Based around a pool of musicians in bands like Shoreline, Sons Of Noel And Adrian and The Miserable Rich, Brighton’s Willkommen Collective has been responsible (along with its affiliated label, Willkommen Records) for the production of many of the more interesting and folky, acoustic-y, or Americana-ish releases in the last couple of years.
The Sleeper, the first album from collective members The Leisure Society (now re-released on Full Time Hobby after its original Willkommen release earlier in the year) proves to be more than worthy of following in its predecessors’ footsteps, even arguably improving on what has come before.
What is immediately apparent is that this, unlike the work of perhaps the band’s best-known label-mates Sons Of Noel And Adrian, is music that is more or less instantly, likeably, accessible. Opening track Give Yourself A Fighting Chance is ushered in with a warm amplified twang of guitars, slowly and melodiously building until the tempo picks up and the gorgeous vocal (warm, human, immediate and somehow intimate all at once) kicks in.
Here, and in many places throughout the album, the happy-sounding richness of the music is curiously at odds with the lyrics, many of which are based around themes of loneliness, loss or rejection. “All the hope that you give / Ain’t enough for me to cling to”, they claim here, while on A Short Weekend Begins With Longing they tell of a love gone wrong: “Fine for a while / We were happy till it died” in a song full of lush, West Coast-alike harmonising, evoking ’60s free spirits like The Mamas & The Papas.
The contrast is more dramatic yet on The Darkest Place I Know, which sees lyrics that border on slasher-movie horror (“My throat exposed / To the monster ever-looming”) combining with a Sloop-John-B-meets-Fairytale-of-New-York melody and glockenspiels, yet just, somehow, succeeding without seeming too jarringly contradictory.
A real highlight (one among many: Save It For Someone Who Cares, Give Yourself A Fighting Chance, A Matter Of Time and Love’s Enormous Wings are all also wonderful) is The Last Of The Melting Snow – a very worthy recent recipient of an Ivor Novello songwriting award, it dives to richly satisfying depths where the emotional content and musical delivery combine to make something really quite exceptionally moving.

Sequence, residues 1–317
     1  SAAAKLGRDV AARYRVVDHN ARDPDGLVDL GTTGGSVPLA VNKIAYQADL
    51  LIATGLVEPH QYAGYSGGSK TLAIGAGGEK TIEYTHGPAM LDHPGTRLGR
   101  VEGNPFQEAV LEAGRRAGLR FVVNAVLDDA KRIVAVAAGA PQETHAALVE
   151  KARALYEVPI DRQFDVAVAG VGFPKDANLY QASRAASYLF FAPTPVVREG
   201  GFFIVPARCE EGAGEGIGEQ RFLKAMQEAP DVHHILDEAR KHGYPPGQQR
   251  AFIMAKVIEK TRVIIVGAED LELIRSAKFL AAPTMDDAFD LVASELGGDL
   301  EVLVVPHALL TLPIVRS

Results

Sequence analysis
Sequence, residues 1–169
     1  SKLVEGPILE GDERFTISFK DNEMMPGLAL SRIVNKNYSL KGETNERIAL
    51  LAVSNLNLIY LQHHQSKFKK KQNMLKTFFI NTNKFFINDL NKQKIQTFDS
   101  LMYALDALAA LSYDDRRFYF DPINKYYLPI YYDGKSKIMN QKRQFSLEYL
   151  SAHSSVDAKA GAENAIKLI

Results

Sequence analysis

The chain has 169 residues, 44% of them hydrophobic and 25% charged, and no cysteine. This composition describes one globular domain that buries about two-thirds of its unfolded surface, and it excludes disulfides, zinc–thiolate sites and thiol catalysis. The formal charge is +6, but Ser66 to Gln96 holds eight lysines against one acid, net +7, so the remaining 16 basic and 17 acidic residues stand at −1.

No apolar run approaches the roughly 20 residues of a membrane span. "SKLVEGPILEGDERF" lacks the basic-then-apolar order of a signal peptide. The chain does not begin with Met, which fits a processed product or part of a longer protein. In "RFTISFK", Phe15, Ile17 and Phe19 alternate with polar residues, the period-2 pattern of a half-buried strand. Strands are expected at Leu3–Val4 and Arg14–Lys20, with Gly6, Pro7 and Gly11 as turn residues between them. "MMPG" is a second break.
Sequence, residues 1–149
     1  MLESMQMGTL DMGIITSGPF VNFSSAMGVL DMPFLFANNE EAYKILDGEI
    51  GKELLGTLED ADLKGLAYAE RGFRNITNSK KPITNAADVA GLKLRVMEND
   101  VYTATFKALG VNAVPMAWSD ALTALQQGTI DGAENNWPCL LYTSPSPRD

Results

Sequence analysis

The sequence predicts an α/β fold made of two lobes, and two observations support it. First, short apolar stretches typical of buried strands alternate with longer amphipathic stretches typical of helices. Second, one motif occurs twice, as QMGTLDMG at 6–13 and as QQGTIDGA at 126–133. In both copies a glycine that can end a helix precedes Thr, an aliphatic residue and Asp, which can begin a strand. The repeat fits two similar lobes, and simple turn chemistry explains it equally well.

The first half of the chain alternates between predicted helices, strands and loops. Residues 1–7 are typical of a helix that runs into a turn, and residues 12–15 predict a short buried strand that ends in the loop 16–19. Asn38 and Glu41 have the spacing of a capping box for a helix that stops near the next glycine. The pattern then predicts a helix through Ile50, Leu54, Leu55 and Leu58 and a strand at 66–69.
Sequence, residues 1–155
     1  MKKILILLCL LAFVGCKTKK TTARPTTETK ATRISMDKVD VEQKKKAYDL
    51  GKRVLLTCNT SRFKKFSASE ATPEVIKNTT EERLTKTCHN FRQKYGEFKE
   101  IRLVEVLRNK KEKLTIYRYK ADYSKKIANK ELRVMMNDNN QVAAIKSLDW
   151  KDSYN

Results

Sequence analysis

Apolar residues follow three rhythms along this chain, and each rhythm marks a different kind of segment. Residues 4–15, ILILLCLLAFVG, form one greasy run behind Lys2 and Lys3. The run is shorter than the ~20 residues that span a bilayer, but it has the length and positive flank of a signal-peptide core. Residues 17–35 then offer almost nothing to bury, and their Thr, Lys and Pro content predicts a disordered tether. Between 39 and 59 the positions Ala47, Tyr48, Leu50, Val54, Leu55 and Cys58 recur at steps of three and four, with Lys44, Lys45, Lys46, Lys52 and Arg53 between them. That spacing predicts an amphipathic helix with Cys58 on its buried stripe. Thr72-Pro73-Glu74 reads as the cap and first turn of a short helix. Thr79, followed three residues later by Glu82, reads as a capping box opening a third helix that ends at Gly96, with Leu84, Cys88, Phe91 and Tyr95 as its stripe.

This alone is more than worth the album’s admission fee. It is one of those songs that, from the first listen, feels as if it has been in your musical subconscious for years, and is a quite sublime confection of 3/4 timing, graceful elegiac piano, guitar and strings, and a voice infused with gentle heart-felt regret.
Only rarely, very rarely, does all this melodious lushness and easy accessibility risk tipping over into sugariness. Title track The Sleeper comes closest, in the slightly cloying violin bits, but this is, at worst, a minor transgression. We Were Wasted, by contrast, is the sole track that actually sounds as downbeat as much of the lyrical content on the album, and is an interesting combination of double-time guitar picking over slow, minor key singing and violins.
Elsewhere you can hear echoes of a range of different influences, from the music-hall feel of Are We Happy?, to the Beatles-like quality to parts of Love’s Enormous Wings, which closes the album on a sumptiously upbeat note.
In short, this is one of 2009’s great albums. Accessible, hugely listenable, yet complex and well constructed; moving and enjoyable; it is likely to be treasured by most of those who get to hear it, and deservedly so.